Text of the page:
Daily Digest (7/2)

DuckDuckGo Mysteriously Stops Working in India; Google Brings Privacy Protections to Company-Owned Devices; ‘Anonymous’ Hackers Hit TikTok: ‘Delete This Chinese Spyware Now’; Tech CEOs to Testify Before House Panel in Antitrust Probe. Click “Continue reading” below.

DuckDuckGo Mysteriously Stops Working in India

Privacy-focused search engine DuckDuckGo told users Wednesday that its service was not working in India, adding that “it is not due to us.”

“To our users in India,” the company said on Twitter. “We’ve received many reports our search engine is unreachable by much of India right now and have confirmed it is not due to us.

“We’re actively talking to Internet providers to get to the bottom of it ASAP,” the post said, The Independent reports. “Thank you for your patience.”

It remained unclear why DuckDuckGo was unavailable in India. It was online in other countries, including the United States and the U.K.

In India, the government is more censorious than those in other countries, according to the Independent.

At the end of last year, protests erupted over a citizenship law, which led authorities to shut down the internet where demonstrators were located.

Prime Minister Narendra Modi’s government shut down the internet 95 times last year, according to the report.

During the same year, the government also proposed rules that would force technology companies to remove posts at the government’s behest.

Source (external link):

Google Brings Privacy Protections to Company-Owned Devices

Google said that it had expanded the company’s commitment to employee privacy with its new Android 11, bringing the privacy protections of the work profile to company-owned devices.

With Android 11, Google said it also would provide IT departments with the additional capabilities needed to manage company assets.

“Just as IT shouldn’t put company data at risk to enable mobile productivity, employees shouldn’t be asked to reveal private, personal data to their company,” Ian Marsanyi, Google’s product manager, said in a Tuesday blog post.

“That’s why we’ve expanded Android’s commitment to employee privacy in Android 11, by bringing the privacy protections of the work profile to company-owned devices,” he said.

As such, corporate IT departments can deploy the work profile to help protect employee privacy across an entire fleet, regardless if the device is personally or company-owned.

Sources (external links):

‘Anonymous’ Hackers Hit TikTok: ‘Delete This Chinese Spyware Now’

The “Anonymous” hacktivist group’s campaign against the TikTok app has gained steam in recent days, with its Twitter account posting Wednesday, “Delete TikTok now.”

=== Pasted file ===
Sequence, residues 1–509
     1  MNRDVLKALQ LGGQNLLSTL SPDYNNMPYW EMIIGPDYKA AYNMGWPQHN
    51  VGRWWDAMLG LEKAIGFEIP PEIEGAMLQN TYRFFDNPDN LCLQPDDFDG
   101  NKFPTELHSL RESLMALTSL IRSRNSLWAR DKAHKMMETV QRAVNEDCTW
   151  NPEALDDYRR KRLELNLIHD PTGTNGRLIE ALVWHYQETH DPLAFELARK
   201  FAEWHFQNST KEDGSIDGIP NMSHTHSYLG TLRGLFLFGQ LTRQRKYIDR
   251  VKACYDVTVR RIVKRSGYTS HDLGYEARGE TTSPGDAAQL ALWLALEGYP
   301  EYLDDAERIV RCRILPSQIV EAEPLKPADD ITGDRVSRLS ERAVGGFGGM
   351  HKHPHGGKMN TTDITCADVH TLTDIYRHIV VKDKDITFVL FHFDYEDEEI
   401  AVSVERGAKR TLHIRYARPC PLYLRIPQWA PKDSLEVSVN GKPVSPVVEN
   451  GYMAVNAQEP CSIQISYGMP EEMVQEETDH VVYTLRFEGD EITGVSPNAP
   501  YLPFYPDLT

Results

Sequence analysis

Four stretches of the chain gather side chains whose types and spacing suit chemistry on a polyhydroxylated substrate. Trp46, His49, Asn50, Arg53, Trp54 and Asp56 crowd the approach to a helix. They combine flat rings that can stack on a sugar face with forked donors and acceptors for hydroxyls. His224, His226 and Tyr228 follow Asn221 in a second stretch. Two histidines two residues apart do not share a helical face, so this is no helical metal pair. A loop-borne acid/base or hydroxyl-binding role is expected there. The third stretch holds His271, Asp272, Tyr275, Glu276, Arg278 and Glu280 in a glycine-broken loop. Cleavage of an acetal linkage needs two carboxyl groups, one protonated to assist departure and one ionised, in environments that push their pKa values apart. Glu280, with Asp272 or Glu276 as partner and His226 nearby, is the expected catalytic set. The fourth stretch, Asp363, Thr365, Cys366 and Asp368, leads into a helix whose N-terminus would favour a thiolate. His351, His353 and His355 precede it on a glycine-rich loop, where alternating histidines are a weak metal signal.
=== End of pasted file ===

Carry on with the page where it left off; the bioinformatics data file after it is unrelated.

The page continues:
“If you know someone that is using it, explain to them that it is essentially malware operated by the Chinese government running a massive spying operation,” the post continued, Forbes reports.

The tweet linked to a story that had been making the rounds in recent days, following a Reddit post from an engineer who claimed to have “reverse engineered” TikTok to find many security and privacy abuses.

The allegations currently remain unconfirmed, Forbes reports, and TikTok declined to comment on the claims.

The Anonymous tweet comes after recent reports that a beta version of Apple’s iOS 14 caught the app secretly accessing users’ clipboards and Monday’s announcement by India of a ban on TikTok and 58 other Chinese apps.

Source (external link):

Tech CEOs to Testify Before House Panel in Antitrust Probe

The chief executives of the four U.S. tech giants — Amazon.com, Facebook, Alphabet’s Google and Apple — will testify before Congress later this month in an ongoing antitrust probe into the companies, two sources familiar with the matter told Reuters on Wednesday.

Amazon’s Jeff Bezos, Facebook’s Mark Zuckerberg, Sundar Pichai of Google and Apple’s Tim Cook will appear as part of the investigation by the House Judiciary Committee’s antitrust panel, the sources said.

The companies did not immediately comment.

The session will be on or around July 27 and likely will have at least some witnesses and lawmakers appearing via video link, one source said. It was not clear if the CEOs would appear before the full panel or just the antitrust subcommittee, the sources said.

The tech platforms are under investigation by the Judiciary Committee panel, which is expected to issue a report in coming weeks, and the U.S. Justice Department.

The Federal Trade Commission also is probing Facebook and Amazon, and U.S. state attorneys general are looking at Facebook and Google. 

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— By DPN Staff